Some people refer to Elon Musk, the founder and CEO of SpaceX, Tesla, and PayPal, as the real-life version of comic-book icon Tony Stark. The Canadian-American Musk, who was born in South Africa, was also a co-founder of PayPal and Tesla Motors. He is best known for his vast imagination and entrepreneurial drive to bring about a more futuristic world.

Early Life and Education

An oft-told story about the young Musk is that he wrote code for and built a functioning video game at age 12. The game, "Blastar," was reportedly sold for $500. Even early on, Musk had all of the makings of an entrepreneur.

Musk's father was an engineer and his mother was a dietitian in South Africa. Both parents recognized their son's penchant for technology at an early age and encouraged him to pursue his passion. Musk bought his first computer at age 10 and taught himself programming.

Musk graduated high school in 1988 and elected to move to North America rather than take part in South Africa's compulsory military service. Musk said about his move, "I think South Africa is a great country, but if you wanted to be close to the cutting edge – particularly in technology – you came to North America."

He moved to Queen's University in Ontario before attending the Wharton School of Business at Penn. After earning his bachelor's degree in economics, he was accepted into a high-energy physics graduate program at Stanford University. Just two days later, Musk dropped out and decided to pursue an entrepreneurial route rather than an academic one.

Success Story

Immediately after leaving Stanford, Musk teamed up with his brother Kimbal and created an IT company called Zip2. Musk describes the first two years as a grind, but eventually local and national newspapers began to use Zip2 to offer additional services to customers.

In 1999, search engine AltaVista bought Zip2 for $307 million, a record deal at the time. By March 2000, Musk was working with Peter Thiel and Max Levchin on, which later became PayPal. Musk was named chairman and CEO of PayPal in 2001.

One year later, eBay bought PayPal for $1.5 billion (Musk's share was roughly $180 million). Musk believed he finally had enough capital to focus on his real passion: space engineering. PayPal would be Musk's last great venture into Internet businesses.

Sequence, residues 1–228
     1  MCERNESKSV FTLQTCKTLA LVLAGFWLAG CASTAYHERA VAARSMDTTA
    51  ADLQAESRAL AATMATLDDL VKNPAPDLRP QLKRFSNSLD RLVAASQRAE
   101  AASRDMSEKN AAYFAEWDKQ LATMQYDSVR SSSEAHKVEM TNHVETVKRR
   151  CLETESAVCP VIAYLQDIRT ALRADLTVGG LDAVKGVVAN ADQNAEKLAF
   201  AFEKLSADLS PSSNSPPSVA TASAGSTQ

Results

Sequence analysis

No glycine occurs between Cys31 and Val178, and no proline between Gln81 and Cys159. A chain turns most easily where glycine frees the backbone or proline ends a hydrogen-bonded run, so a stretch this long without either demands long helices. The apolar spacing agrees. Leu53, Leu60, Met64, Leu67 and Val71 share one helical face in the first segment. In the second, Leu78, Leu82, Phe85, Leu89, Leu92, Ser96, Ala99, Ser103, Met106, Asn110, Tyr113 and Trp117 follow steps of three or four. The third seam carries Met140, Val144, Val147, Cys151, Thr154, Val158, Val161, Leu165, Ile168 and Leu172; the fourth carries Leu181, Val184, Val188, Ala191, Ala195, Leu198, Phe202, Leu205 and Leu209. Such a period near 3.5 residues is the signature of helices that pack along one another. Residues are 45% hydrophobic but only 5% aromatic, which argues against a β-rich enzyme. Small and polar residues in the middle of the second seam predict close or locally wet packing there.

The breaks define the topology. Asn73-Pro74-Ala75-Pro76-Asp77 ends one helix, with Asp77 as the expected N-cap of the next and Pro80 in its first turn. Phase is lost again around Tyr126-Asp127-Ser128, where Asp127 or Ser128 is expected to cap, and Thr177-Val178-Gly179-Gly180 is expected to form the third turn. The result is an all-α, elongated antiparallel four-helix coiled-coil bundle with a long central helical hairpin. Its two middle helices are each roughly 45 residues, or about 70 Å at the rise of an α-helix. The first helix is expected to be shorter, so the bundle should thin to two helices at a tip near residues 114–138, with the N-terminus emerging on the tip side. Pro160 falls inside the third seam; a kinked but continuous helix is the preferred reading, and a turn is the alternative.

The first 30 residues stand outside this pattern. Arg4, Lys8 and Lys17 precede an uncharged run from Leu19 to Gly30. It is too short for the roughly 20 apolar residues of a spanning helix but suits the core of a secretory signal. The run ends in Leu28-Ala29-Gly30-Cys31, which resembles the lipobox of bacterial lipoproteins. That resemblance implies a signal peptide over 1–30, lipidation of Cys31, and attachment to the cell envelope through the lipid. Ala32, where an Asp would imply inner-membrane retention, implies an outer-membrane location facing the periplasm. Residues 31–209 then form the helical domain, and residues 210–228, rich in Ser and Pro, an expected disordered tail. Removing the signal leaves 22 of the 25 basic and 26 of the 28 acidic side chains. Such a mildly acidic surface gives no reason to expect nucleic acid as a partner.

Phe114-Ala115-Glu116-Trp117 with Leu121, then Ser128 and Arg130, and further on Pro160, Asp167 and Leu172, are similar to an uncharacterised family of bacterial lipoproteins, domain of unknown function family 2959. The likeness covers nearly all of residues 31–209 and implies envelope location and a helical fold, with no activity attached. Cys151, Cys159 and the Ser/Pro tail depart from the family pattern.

Musk joined forces with engineers Martin Eberhard and Marc Tarpenning at Tesla Motors in 2004. He participated in the design of the first electric car, the Tesla Roadster. Tesla has since become one of the most popular and coveted car brands in the world, even beating out GM and Ford to become the highest ranked American auto brand as ranked by Consumer Reports

Musk has also taken his ambitions to the final frontier with SpaceX, which has landed several high profile contracts collaborating with NASA and the Air Force to design rockets and conduct military missions. Musk hopes to collaborate in the mission to send an astronaut to Mars by 2025. 

Net Worth and Current Influence

The majority of Musk's $20.1 billion net worth is tied up in Tesla. He owns 33.6% of the company, which was valued in January 2018 at $59.29 billion. This may change, though, as Tesla released a new compensation structure for Musk in January 2018. This new structure gives him no salary, but instead he will make money by achieving higher and higher market cap milestones over the next ten years. The deal should help Tesla ensure Musk sticks around for a long time.

Musk is considered a hero by many in the technology and engineering fields for his brilliant work and outspoken aspirations for space travel. He is also a noted celebrity in the alternative energy crowd, thanks to his work on electric cars.

Most Influential Quotes

"Failure is an option here. If things are not failing, you are not innovating enough," said Musk in an interview with Fast Company in February 2005. He admits he fears failure constantly, but that failure is part of being a great innovator.

In his writing and in his speeches, Musk has often said, "If something is important enough you should try. Even if the probable outcome is failure." He loves to remind audiences that greatness doesn't come from not having fear, but rather from having the courage to move past it.

"Tip #1: Work super hard," said Musk in his speech on the secrets of success at a USC commencement ceremony.

In a keynote speech at South by Southwest, Musk remarked, "I would like to die on Mars; just not on impact." Musk believes that rocket-based space travel is the key to humanity's future.

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